Now Jonathan takes his turn, to recite from the Rubaiyat of Omar Khayyam, his voice softer and deeper and more droll than mine as he extols the pleasures of wine and company--even though he rarely drinks, himself.  Poetry can make anything seem real.  Encouraged, he launches into his own efforts at translating into Charadocian the less well-known but even more decadently delicious verses of the Khamriyyat of Abu Nuwas.  I've always loved the breadth of Jonathan's education.

I smell smoke--not the scented smoke of candles or incense, but something sharper.  "What're they doing over there?" I ask as I point to sparks of light out in the courtyard.

"Burning money," Jonathan says with a smile.  "It's good luck on this day.  The common folk burn paper and pretend it's money, but for real luck you need the real thing.  Shall we join them?"

"Sure."  The thought of the evening's coolness out there entices me; I'm broiling in here, cocooned in too much silk.  When he pulls me through the crowd I realize that I still feel dizzy from the dance.  How much of a fool did I make of myself out there?  A servant follows us with a fresh cooler for me.  A second wouldn't hurt, I decide--maybe I'll feel better once I rehydrate.  (Out here in the dark I can increase the Chaummin—they won't notice the discoloration--three shots per glass.)  Something else must make the drink taste so strong, some flavoring that I'm not used to yet.  Sternly I make myself sip at it--I must accept this culture, if I'm going to accomplish anything here at all.

(Going outside?  I might as well, myself.  And I wonder—do Mountainfolk girls thrill the heart and challenge the body the same way mountains do, made of the same stuff, so to speak?  Would you be the only one unimpressed by my exploits on the peaks?  And wouldn’t that make you still more exciting--another peak to conquer?)

Smoke blurs the stars above as people crowd around the braziers, their faces as gilded as their clothing in the firelight.  Jonathan puts crumply paper into my hand.  “Make a wish,” he says.  I wish for a chance to help The Charadoc transcend caste, and then I shove the bill into the coals, but I slip and burn my fingertips.  With a cry I recoil and dip them into the drink that the maid hands me, against the ice, then just before I lick them Jonathan gives me another raised eyebrow, and so I let the maid wipe them off instead.  Sparks fly up, particles of ruined money, as people laugh and send up their own hopes for the coming year.  As I gaze up after them whirling overhead I lose my balance and fall against Jonathan, then hold on for dear life as the courtyard spins.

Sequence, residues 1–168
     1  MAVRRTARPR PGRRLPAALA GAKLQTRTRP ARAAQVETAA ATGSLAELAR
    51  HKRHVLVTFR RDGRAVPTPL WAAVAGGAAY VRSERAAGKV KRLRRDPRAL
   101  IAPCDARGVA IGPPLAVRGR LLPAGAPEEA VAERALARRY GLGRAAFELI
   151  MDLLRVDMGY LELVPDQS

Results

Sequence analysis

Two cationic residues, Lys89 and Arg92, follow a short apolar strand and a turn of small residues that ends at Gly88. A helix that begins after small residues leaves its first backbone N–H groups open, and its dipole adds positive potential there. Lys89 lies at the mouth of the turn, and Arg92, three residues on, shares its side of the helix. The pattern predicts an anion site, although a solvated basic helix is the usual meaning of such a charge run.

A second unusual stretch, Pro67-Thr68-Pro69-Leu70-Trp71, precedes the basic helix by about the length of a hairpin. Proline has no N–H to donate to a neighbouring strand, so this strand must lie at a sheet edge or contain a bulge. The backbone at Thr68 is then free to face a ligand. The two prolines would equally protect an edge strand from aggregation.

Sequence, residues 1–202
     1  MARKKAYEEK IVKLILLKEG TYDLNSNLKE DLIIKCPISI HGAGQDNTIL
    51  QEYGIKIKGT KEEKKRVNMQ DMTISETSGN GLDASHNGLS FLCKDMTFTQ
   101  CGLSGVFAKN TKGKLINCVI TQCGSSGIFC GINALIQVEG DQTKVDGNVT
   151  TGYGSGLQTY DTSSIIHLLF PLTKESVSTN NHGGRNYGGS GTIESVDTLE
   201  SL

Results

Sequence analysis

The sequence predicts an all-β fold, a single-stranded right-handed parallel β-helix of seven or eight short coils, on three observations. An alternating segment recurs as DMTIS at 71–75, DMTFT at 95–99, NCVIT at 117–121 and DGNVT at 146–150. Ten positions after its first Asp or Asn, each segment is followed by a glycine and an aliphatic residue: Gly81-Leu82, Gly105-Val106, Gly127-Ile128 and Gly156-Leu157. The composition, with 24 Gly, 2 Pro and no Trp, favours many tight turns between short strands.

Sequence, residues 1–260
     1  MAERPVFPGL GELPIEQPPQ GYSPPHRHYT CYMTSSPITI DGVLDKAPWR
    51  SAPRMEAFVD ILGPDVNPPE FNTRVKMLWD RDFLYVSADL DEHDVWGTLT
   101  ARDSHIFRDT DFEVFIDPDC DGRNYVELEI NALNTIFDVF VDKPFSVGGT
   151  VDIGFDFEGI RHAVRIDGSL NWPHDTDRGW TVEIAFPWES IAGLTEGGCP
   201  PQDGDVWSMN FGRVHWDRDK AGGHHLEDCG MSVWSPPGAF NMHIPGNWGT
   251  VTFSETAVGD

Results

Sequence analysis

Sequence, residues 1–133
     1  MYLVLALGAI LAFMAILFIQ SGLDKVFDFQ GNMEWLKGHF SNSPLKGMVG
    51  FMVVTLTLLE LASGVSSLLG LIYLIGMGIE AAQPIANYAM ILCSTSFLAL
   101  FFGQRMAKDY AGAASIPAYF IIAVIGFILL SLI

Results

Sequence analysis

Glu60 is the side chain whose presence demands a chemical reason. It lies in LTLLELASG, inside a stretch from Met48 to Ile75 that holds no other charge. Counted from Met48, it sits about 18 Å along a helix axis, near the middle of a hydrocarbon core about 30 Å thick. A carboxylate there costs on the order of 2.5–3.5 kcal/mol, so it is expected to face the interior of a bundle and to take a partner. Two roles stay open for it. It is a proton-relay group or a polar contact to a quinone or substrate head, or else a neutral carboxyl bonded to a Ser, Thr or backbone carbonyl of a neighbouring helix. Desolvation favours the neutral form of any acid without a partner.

"Are you all right?" he whispers.

"I...I don't know.  Maybe a little queasy."

He helps me back from the others to a bench.  I press my glass of ice against my forehead, trying to cool it, then finish the last of the juice within.

He takes the glass from me and waves off a refill.  "Maybe even wine coolers are a bit too much for someone as slender as yourself," he speculates, "when you danced as hard as you did."

"Are you calling me drunk?"

"Shhh--not so loud.  It can happen to anyone, under the circumstances."  He helps me to my feet.  I realize that I need him to help me to my feet.  "I think you'd better call it a night.  Nobody's noticed yet."  He signals over a nearby maid.  "I'll tell the others that you tired early, after a long day acclimatizing to a new land."

"Tha's not far from true."  (Keep the face neutral--betray no emotion!  He won't remember a neutral face, with downcast eyes, the color obscured by lashes.)  Minute by minute I realize Jonathan's wisdom in this, as everything seems to hit me at once.

"Help Ms. Keller to her quarters," he tells the maid.  "And manage it discreetly."  (Oho!  He slips me a tip!  And a hefty one, at that, so smoothly that none but he and I  know that our fingers even brushed.  He really does want discretion!  Have no fear--I'll hide her better than your fondest hopes.)

(Alas!  Leaving so soon?  And I never had the chance to show you these mountaineer muscles, hidden under all of this detestable silk that custom requires in the public view.  We could have climbed a mount or two together, you and I, once we’d shed these stifling layers of formality.)

The maid moves me swiftly and surely through the partiers and I feel giddier and giddier, as the coolers in my stomach hit the bloodstream.  Entering the house smothers me with heat.

"...when I said 'national dance of The Charadoc’," I hear Soskia say somewhere, "the poor silly thought I meant everybody danced it."  Chuckles break out, then the maid whisks me out of hearing.  Bodies come at me and pass on by, smiling glances, crush of sweaty silk.  Now they block us, now they open up in unexpected directions, so that straight travel becomes impossible and the maid has to tug me this way in that, swirling and swirling through the fire-colored bodies.  The volume of my clothing helps conceal how I lean against the maid, as the vertigo gets worse and worse.